Reena H. Carroll leads the Diversity Awareness Partnership, a non-profit organization that promotes diversity in St. Louis concerning issues of race, religion, sexual orientation, gender identity and disability. She holds a master’s degree in social work from Washington University.
What are some of your proudest career accomplishments? I have two accomplishments in my tenure with Diversity Awareness Partnership that I am most excited about. The first one is opening our DAP-Columbia branch in early March 2015. When I was hired eight years ago, the founders of DAP shared their vision with me to make DAP a model that could be replicated across the country. And certainly Columbia is not across the country, but it is across the state, so we are getting there!
The second accomplishment is what my team and I developed in response to the Ferguson events. We deliberated for days about what the appropriate response was to rebuild our community and came up with the Listen. Talk. Learn program. We have seen over 1,300 people go through the LTL sessions and it has been incredibly powerful to see how you can increase understanding and inclusion one person at a time.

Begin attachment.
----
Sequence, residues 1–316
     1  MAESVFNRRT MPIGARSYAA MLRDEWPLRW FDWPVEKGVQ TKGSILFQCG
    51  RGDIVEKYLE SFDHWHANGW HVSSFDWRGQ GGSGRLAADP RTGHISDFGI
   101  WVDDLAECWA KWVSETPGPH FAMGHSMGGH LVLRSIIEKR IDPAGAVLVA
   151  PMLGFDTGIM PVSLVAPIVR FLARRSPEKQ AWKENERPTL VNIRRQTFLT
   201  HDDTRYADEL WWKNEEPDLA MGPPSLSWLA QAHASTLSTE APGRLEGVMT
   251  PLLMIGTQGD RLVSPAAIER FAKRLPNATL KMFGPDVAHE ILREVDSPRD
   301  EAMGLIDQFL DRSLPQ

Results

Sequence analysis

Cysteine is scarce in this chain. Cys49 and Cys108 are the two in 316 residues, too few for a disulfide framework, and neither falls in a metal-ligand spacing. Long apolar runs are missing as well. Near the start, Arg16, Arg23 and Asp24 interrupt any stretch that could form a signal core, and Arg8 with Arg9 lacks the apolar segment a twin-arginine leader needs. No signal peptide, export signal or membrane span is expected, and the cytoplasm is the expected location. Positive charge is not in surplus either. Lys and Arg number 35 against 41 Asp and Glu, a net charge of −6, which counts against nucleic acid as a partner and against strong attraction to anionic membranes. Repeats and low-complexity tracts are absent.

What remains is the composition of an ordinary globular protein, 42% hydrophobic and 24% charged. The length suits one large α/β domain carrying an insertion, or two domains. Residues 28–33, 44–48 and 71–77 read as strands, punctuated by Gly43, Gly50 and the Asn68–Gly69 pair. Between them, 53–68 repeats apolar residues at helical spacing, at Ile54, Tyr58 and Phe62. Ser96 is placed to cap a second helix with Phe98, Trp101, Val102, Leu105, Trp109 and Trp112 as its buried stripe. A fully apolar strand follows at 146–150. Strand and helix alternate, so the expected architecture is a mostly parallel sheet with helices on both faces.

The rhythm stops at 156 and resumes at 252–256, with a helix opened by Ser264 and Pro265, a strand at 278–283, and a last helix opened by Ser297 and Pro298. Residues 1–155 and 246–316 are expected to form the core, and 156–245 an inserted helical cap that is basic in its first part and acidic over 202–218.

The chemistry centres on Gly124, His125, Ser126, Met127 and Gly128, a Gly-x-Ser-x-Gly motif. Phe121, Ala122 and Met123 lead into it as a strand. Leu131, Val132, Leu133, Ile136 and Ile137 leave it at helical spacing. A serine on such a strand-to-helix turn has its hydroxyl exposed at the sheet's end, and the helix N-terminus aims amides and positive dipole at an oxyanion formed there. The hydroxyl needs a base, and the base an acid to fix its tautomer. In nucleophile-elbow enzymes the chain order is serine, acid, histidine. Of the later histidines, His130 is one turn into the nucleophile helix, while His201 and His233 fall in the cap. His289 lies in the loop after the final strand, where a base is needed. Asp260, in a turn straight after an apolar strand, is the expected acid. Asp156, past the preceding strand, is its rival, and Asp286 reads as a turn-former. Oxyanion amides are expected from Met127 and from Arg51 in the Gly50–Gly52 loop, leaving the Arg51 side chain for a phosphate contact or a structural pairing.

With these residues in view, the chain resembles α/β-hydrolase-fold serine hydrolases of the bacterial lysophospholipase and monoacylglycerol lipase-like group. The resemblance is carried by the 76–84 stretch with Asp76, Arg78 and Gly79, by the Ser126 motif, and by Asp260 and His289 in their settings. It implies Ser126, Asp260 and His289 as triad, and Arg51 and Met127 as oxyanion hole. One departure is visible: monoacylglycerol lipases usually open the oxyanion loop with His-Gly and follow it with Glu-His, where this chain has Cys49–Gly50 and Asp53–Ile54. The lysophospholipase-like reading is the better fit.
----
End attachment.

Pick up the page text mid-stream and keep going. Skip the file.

What inspired you to get involved in the justice system? I was inspired by inequity. Growing up in my upper-middle-class Chicago suburb and traveling to Chicago’s South Side for high school every day led me to ask questions about why my neighborhood did not visually look like other people’s. Since the age of 13, I desired to learn more about communities and the resources they lacked.
What has been your favorite part of the job? People. I love all the diverse people I get to interact with on a daily basis that feel comfortable sharing their perspectives and backgrounds with me.
What is something that would surprise people about you? How much I love playing Pac-Man.
What is the best advice you’ve ever given or received? The best advice I have ever received was from one of my mentors who explained to me that all the mistakes, mishaps, poor decisions you make in life, just give you texture, and texture is a great thing.
When you were growing up, what did you want to be? Since I am still growing up, I am still figuring this out!